The Department has been playing an extraordinary role in developing human capital. The Department of Sociology at the University of Dhaka has the country's largest and leading sociology program. It has over 30 faculty members and nearly 1,130 students in its graduate and undergraduate programs. The faculty members have Ph.D. and Master's degrees from reputed universities in North America, Europe, Australia, and Asia. They are intellectually vibrant and nationally and internationally known scholars and teachers. The Department offers four distinct degrees: Bachelor of Social Science, Master of Social Science, M.Phil, and Ph.D. Currently, the Department offers 50 courses in Bachelor's and Master's programs, ranging from Introductory Sociology to Medical Sociology to Contemporary Sociological Theory. The Department updates its curriculum every three years to address social changes observed in global and local arenas.
The Department provides rigorous training in qualitative and quantitative methodologies to its students. The Department's foundational and intermediate statistical courses prepare students to understand their social world numerically. These skills also equip the students to analyze social problems while working with GOs and NGOs. The Department also offers a professional Master's degree (Masters in Sociology and Social Policy) to provide students with fundamental skills in handling real problems in workplaces or broader social arenas. This MSSP program also prepares young professionals as social policymakers. The Department encourages students to understand their personal and social lives using theoretical tools and empirical research. This intervention also brings positive changes to students’ life. The Department is always committed to providing an inclusive and effective learning environment to its students to prepare future informed citizens of the country.
The Department provides various educational and technical facilities to its students. Students have access to over 3,000 books in the seminar library of the Department. This Departmental library also adds many newly published sociology books to its collection each year. It also recommends the university's central library purchase recently published sociology books at home and abroad. The students also have access to the Department's computer lab with more than 30 computers and internet connections. All classrooms are equipped with modern information and communication technologies. Recently, the Department has received special technical support from the University Grants Commission. The Department houses a museum where valuable archeological materials and historical artifacts are stored to educate students about the country's cultural and social heritage. The Department organizes study tours annually to enlighten its students by visiting important social and historical sites of Bangladesh and foreign countries. It also hosts various creative and extra-curricular activities, including debates, performing arts, and cultural events. It always supports needy students financially.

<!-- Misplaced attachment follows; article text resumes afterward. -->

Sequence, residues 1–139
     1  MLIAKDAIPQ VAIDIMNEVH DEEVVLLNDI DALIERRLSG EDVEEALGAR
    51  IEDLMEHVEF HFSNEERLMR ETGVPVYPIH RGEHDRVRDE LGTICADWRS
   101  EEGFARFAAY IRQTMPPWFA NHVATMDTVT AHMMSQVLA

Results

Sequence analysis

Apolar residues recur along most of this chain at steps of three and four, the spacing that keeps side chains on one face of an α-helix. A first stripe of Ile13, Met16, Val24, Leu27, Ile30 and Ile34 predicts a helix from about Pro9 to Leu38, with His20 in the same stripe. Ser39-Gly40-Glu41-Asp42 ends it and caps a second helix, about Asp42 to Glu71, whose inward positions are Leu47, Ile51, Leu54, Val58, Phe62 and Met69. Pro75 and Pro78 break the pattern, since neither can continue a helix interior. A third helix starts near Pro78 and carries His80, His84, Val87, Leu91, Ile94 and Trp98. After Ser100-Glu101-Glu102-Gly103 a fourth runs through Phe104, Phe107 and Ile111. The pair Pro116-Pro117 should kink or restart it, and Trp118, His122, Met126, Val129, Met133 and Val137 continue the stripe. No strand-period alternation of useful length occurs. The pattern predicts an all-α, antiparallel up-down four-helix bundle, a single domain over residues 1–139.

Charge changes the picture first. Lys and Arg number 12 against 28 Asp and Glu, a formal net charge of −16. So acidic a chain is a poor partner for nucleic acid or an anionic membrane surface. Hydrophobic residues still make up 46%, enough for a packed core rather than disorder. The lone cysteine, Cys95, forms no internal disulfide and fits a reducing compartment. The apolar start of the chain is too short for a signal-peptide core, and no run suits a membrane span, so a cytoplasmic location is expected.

Since the beginning of the Department's journey, our graduates have shown a strong track record in pursuing their careers by securing the country's best jobs in government and non-government sectors.
III. The Institutionalization of Sociology
The Department has been playing a leading role in institutionalizing the sociology discipline across the country. The Department was directly involved in establishing the sociology department at ten public universities and some private universities. Some faculty members of this Department also established a few Departments and Institutes at the University of Dhaka, including the Department of Anthropology, the Department of Criminology, and the Institute of Disaster Management and Vulnerability Studies. The faculty members of the Department also regularly appear on the search committee of almost all sociology departments in the country. The Department also organizes sociologists across the country by creating the Bangladesh Sociological Association.
IV. Contribution to Public Sociology
The Department also has a tremendous contribution to public sociology. Many faculty members of this Department are involved with numerous public service offices across the country. They hold various administrative positions or provide policy guides to the government and non-government bodies. They are also vital in multiple social/global justice movements, including women empowerment, environmental justice, labor rights, human rights, indigenous rights, and land rights. Some faculty members are regularly visible on mass media to discuss the country's critical sociopolitical, cultural, environmental, and public health issues.
Finally, the Department of Sociology is unique because of its roles in innovative research, effective teaching, developing human capital, institutionalizing sociology, and public sociology. It has remained the country’s leading sociology Department due to its significant contribution to producing new knowledge through research, disseminating knowledge through publication and teaching, preparing young professionals and future informed citizens, and directing the country towards progress, equality, environmental justice, and sustainable development.